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Candidates Tussle Over Roads, Hospital Growth

Posted: February 16, 2008 3:05 a.m.
Updated: April 18, 2008 5:02 a.m.

Santa Clarita City Council candidates Laurie Ender, Maria Gutzeit, Bob Kellar, Bob Spierer and Diane Trautman participate in Friday's candidates forum, co-sponsored by The Signal and KHTS-AM, at City Hall. Two seats, held by Kellar and TimBen Boydston, are up for election on April 8.

 

The five Santa Clarita City Council candidates faced a packed audience at City Hall Friday night and dug right in to the biggest problems facing the city, from traffic on city streets to the expansion of the valley's only hospital.

The Signal and KHTS-AM sponsored the debate to quiz candidates Parks and Recreation Commissioner Laurie Ender, Newhall County Water District Board Director Maria Gutzeit, Mayor Bob Kellar, Former Sheriff's Station Captain Bob Spierer and Planning Commissioner Diane Trautman on the hot topics as the April 8 election nears.

The candidates are looking to fill the two expiring seats belonging to Kellar and Councilman TimBen Boydston.

Candidates were questioned on their proposed solutions to the city's traffic problems, Laurie Ender said, "It's about roads, roads, roads."

"It's probably the No. 1 complaint," she said. "It shouldn't take a half an hour to get from Valencia to Newhall or from Canyon Country into Saugus and it often does."

Gutzeit said the solution lies in the Whittaker-Bermite property, a 996-acre contaminated property in the middle of the city.

She said that once cleanup of the site is completed, "it will allow several key roads to run through the middle of our valley." She also said that bringing in higher-paying jobs would help keep residents off of the crowded freeways during the rush hour.

Kellar said that completing the cross-valley connector, a roadway that will connect Canyon Country to Saugus, it will "have more impact than any single thing we do."

Trautman said, "It has to be a balanced approach" and suggested more bike paths and encouraging greater use of public transit and Spierer suggested working on improving the synchronization of traffic lights.

Questions regarding the expansion plans of Henry Mayo Newhall Memorial Hospital came front and center and three of the candidates - Gutzeit, Kellar and Spierer - refused to state their positions on the matter, saying they must first wait for the latest environmental impact report to be circulated.

Gutzeit said it would be irresponsible to take a position on the controversial issue before seeing all the documents.

Kellar said, "There's no question that hospital expansion needs to occur, but there's a lot of other aspects with this expansion that has a lot of people concerned."

Spierer also said he wanted to wait for the EIR to be circulated before taking a position, but added "there needs to be a comprehensive look at the healthcare needs of the valley and if another hospital is needed."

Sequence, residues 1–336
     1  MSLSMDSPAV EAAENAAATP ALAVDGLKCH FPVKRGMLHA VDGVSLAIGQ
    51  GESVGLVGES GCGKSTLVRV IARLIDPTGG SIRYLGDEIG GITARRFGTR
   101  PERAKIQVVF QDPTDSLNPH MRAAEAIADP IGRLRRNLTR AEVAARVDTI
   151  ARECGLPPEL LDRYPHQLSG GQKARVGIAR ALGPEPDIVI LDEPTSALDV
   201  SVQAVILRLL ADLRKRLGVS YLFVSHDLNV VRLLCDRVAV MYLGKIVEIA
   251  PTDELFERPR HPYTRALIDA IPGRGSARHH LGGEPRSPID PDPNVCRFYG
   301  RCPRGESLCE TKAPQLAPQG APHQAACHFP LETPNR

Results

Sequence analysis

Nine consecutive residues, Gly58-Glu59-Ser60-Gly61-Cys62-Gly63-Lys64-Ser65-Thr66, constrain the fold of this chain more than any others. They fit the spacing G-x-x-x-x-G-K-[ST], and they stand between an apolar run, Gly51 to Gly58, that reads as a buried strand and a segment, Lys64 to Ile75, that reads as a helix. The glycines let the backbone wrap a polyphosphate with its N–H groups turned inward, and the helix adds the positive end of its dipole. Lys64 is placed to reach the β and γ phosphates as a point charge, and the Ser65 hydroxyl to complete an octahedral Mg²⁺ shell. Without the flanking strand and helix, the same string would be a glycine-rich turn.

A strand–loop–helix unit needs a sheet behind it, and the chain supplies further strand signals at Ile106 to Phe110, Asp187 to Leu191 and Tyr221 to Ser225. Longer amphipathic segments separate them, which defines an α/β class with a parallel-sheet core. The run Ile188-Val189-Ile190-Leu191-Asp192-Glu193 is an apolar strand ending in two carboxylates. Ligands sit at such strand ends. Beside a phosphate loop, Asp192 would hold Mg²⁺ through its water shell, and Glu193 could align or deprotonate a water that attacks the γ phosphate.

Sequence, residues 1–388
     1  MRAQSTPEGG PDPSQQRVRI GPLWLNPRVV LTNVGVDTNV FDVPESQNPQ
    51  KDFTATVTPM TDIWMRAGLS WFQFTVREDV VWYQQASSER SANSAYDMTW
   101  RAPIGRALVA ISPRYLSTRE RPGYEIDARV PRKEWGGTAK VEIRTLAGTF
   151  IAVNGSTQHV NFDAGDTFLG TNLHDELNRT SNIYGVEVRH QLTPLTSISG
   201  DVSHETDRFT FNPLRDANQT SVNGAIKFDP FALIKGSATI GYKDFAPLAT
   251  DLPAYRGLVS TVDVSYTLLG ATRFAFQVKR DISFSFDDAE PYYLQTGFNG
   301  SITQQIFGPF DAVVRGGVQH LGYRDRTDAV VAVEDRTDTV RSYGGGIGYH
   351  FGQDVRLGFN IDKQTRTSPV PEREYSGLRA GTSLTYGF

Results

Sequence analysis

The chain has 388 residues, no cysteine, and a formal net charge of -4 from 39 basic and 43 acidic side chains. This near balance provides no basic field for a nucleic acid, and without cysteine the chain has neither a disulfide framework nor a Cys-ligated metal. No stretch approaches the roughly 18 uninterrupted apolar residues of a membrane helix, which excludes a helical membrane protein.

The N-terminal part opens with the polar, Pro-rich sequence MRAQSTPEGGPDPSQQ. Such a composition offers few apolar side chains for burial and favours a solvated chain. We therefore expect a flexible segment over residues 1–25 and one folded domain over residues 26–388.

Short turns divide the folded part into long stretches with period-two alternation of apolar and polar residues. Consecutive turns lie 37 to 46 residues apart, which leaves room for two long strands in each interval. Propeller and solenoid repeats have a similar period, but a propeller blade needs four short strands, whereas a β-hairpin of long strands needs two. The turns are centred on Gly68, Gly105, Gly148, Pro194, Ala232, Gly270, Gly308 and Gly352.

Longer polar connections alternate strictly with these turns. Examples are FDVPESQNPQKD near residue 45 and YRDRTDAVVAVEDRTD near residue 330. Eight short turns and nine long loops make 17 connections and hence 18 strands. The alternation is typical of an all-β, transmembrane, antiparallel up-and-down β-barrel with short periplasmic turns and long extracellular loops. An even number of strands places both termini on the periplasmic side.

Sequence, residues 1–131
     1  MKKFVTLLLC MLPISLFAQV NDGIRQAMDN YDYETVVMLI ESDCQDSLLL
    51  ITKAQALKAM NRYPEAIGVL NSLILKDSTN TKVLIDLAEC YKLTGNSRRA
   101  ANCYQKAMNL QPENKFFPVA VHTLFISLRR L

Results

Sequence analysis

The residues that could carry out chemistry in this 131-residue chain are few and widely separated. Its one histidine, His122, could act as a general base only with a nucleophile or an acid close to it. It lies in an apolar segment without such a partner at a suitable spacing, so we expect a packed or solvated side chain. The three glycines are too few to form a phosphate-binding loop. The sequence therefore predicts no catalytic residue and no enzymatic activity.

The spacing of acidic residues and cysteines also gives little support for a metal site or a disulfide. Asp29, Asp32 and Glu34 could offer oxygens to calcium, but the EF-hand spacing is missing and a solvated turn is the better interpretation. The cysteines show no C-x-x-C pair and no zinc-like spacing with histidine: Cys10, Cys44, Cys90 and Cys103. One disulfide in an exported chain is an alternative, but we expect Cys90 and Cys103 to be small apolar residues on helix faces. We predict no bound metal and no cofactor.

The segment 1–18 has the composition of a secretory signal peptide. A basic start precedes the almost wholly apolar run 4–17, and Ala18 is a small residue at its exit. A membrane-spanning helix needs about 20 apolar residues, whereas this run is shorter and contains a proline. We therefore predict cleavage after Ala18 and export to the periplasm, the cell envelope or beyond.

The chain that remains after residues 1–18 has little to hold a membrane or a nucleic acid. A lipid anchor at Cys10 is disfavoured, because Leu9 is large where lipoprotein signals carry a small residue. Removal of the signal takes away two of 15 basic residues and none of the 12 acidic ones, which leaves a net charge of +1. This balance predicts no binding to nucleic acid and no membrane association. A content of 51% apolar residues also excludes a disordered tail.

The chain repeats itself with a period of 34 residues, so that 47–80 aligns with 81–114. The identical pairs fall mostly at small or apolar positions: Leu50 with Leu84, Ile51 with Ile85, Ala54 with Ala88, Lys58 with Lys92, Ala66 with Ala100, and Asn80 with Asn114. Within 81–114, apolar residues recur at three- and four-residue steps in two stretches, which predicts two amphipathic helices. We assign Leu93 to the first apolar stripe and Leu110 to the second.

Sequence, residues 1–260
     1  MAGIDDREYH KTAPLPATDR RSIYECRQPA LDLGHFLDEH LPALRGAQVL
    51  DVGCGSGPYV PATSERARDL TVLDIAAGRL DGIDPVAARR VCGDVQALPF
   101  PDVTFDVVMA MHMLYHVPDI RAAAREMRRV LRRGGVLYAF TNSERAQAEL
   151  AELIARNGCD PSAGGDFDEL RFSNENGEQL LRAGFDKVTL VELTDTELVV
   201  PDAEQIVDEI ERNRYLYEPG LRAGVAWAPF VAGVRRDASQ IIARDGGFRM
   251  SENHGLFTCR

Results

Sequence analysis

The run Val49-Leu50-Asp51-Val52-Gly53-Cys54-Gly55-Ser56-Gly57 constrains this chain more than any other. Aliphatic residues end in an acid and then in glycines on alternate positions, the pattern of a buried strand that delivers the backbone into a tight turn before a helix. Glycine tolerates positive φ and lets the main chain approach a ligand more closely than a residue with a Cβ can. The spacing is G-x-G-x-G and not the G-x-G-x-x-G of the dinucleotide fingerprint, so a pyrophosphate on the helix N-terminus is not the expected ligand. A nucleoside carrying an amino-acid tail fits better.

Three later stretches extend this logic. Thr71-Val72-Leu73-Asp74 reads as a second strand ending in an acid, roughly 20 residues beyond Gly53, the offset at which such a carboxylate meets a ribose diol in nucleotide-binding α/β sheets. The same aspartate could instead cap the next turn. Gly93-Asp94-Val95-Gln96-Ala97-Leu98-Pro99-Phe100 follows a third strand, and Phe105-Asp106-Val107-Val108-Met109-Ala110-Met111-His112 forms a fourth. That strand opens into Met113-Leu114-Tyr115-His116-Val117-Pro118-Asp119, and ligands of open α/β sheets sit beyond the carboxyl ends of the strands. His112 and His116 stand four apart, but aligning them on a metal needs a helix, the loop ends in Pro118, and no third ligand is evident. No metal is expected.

Trautman said that as a Planning Commissioner, she voted against the original proposal as well as the hospital's development agreement that was the subject of contentious debate in 2007.

"I agree that we have to improve it now, but we have to do it responsibly," she said.

Trautman said the development agreement must include a guarantee for the inpatient building, a lowering in height of the inpatient building, construction in a reasonable time frame, parking that is up to code and a transitional care unit.

Ender said she would "love to see the hospital raise in status." She said that an improvement to the hospital includes adding the medical offices, buildings that Trautman and others have called unnecessary.

The candidates also weighed in on what they would like to see in the new civic center the city and county are beginning to plan. Spierer said a top priority should be given to expanding the Santa Clarita Valley Sheriff's Station because it was "woefully inadequate" when he was captain of the station back in the 1980s.

Gutzeit added that there is a growing need for a sheriff's substation in the Canyon Country area.

Candidates were also quizzed on what they thought the biggest issues facing the east side of the city.

Ender said the Canyon Country area is in need of a community center and a sheriff's substation. Gutzeit said graffiti is a growing concern. Kellar said public safety is a issue of Canyon Country particularly because it is the largest community in the city. Spierer said the massive sand and gravel mine proposed by Cemex, Inc. is "the No. 1 issue" for the east side. Trautman added that code enforcement is also a significant issue for neighborhoods on the east side.

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